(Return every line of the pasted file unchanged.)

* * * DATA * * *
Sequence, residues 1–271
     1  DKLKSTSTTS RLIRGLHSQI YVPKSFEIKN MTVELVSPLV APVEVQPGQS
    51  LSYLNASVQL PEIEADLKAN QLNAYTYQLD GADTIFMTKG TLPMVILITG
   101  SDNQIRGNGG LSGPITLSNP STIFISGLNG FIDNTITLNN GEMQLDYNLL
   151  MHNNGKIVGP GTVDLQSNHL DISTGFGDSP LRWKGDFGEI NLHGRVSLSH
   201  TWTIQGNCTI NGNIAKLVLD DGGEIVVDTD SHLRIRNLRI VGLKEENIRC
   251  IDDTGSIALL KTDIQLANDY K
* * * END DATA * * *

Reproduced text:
Sequence, residues 1–271
     1  DKLKSTSTTS RLIRGLHSQI YVPKSFEIKN MTVELVSPLV APVEVQPGQS
    51  LSYLNASVQL PEIEADLKAN QLNAYTYQLD GADTIFMTKG TLPMVILITG
   101  SDNQIRGNGG LSGPITLSNP STIFISGLNG FIDNTITLNN GEMQLDYNLL
   151  MHNNGKIVGP GTVDLQSNHL DISTGFGDSP LRWKGDFGEI NLHGRVSLSH
   201  TWTIQGNCTI NGNIAKLVLD DGGEIVVDTD SHLRIRNLRI VGLKEENIRC
   251  IDDTGSIALL KTDIQLANDY K